The W125 made its first competitive outing in May at the 1937 Tripoli Grand Prix with Mercedes-Benz entering four cars. German Hermann Lang won his first Grand Prix motor race to give the W125 a victory on its début and provide Mercedes with their first victory over rivals Auto Union since May 1936. The next race was held at the AVUS motor-racing circuit in Germany, a 12-mile (19 km) long circuit consisting of two long straights of approximately 6 miles (10 km) length joined at either end by a curve. As such, it was possible for a car to reach its top speed. Mercedes entered two W125 cars, a streamliner which was modified from the original design to increase its top speed on the straights and a standard car driven by Richard Seaman in case of problems with the streamliner. The streamliner had a top speed 25 km/h (16 mph) faster than the regular car. On lap three of the race, the streamliner retired while leading due to a gearbox failure. Seaman's regular W125 finished in fifth position.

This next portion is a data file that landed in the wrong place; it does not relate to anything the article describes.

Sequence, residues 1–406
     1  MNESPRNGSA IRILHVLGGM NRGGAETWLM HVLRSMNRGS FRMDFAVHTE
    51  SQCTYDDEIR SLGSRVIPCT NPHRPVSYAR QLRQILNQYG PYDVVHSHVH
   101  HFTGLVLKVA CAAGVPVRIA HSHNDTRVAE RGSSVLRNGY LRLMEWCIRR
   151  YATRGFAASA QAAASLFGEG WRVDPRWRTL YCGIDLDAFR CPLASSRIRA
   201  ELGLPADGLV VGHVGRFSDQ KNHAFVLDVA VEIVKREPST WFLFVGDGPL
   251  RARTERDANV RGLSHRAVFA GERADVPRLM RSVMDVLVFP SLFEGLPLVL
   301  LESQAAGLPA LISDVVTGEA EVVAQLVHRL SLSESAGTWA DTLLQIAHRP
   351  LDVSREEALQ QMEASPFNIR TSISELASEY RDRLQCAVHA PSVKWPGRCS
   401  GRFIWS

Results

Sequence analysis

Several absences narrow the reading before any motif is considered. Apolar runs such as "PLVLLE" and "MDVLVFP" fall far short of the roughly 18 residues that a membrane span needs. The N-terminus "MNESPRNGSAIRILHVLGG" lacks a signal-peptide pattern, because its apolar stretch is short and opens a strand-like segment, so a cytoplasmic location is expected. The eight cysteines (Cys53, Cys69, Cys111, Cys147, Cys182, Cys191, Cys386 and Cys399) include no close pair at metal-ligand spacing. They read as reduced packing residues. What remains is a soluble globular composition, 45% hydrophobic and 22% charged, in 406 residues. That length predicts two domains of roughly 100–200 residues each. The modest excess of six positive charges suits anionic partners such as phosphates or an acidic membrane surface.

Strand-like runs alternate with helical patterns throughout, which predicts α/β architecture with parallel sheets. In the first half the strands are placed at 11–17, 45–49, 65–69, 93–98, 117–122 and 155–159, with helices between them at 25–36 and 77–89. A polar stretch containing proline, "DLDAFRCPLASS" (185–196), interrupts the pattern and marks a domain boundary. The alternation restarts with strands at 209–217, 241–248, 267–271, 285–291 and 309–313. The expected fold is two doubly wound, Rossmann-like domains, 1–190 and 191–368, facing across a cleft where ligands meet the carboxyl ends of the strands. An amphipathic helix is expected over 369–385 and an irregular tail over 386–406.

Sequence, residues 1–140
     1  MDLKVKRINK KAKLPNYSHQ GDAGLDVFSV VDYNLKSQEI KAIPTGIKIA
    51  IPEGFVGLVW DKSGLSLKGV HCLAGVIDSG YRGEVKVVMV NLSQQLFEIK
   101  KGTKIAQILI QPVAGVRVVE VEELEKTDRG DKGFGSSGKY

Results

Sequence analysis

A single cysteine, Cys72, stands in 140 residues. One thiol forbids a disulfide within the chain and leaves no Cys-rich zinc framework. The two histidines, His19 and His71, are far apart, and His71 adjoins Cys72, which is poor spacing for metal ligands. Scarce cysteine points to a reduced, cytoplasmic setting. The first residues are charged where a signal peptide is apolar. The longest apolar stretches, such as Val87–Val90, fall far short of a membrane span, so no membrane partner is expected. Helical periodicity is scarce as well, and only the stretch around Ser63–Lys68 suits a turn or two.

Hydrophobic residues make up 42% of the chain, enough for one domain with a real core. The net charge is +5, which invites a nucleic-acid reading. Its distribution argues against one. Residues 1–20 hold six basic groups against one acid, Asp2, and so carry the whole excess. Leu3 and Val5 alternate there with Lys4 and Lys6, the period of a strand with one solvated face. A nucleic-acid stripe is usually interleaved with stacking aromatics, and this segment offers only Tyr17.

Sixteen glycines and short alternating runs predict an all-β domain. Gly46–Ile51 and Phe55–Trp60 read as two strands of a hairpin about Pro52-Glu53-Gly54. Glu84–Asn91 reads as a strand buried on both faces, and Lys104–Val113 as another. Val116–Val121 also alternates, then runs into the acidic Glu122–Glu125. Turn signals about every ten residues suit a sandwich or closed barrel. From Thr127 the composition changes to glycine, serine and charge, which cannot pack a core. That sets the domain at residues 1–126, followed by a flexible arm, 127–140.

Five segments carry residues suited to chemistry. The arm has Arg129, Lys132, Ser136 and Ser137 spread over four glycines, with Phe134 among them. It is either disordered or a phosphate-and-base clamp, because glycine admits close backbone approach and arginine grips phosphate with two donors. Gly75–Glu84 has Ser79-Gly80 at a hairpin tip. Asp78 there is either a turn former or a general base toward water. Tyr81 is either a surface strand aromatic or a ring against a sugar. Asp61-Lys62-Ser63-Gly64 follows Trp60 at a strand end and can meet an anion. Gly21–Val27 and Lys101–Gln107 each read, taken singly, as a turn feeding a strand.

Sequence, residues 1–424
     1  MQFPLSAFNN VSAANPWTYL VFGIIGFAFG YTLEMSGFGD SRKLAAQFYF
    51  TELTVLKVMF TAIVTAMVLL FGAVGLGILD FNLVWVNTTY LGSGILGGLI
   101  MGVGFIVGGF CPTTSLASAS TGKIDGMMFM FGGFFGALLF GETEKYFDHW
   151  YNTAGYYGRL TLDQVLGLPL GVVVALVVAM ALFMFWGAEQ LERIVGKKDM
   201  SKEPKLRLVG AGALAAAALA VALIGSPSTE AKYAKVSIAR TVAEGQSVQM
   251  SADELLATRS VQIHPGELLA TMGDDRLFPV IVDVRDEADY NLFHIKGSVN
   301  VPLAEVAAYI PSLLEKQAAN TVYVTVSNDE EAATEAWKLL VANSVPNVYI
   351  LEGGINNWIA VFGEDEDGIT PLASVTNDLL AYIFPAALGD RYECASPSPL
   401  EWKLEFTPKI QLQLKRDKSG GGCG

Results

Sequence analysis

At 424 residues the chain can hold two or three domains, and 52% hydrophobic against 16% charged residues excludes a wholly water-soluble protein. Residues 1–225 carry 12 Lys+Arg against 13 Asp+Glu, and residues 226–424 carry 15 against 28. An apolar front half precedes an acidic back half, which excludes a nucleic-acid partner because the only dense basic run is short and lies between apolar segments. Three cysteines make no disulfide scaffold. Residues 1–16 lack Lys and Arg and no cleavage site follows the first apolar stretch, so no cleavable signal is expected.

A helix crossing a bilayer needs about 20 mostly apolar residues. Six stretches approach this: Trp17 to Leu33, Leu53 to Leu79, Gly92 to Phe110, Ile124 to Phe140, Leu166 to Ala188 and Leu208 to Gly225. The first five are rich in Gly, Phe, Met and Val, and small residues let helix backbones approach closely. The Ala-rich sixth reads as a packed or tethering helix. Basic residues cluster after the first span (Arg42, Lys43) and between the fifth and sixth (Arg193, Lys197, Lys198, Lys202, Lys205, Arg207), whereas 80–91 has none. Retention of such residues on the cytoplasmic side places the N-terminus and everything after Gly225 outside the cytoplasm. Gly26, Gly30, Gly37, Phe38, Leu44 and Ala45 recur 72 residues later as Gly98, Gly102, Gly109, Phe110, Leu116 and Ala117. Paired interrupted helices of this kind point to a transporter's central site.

At the Eifelrennen held at the Nürburgring circuit, Mercedes entered five W125's, including one driven by Christian Kautz fitted with the new suction carburettor supercharger system. Kautz finished in ninth, while team-mates Rudolf Caracciola and Manfred von Brauchitsch finished in second and third places. For the next race, Mercedes split their entries between two races which occurred within a week of another. Two cars were sent to the USA to compete in the Vanderbilt Cup, one of which was fitted with the suction carburettor supercharger used on Kautz's car, and three cars went to Belgium to compete in the first round of the 1937 European Championship. Richard Seaman finished second in the Vanderbilt, and third and fourth place were achieved in the Belgian Grand Prix. Following Seaman's success in the Vanderbilt with the new supercharger system, it was fitted to all of the W125s.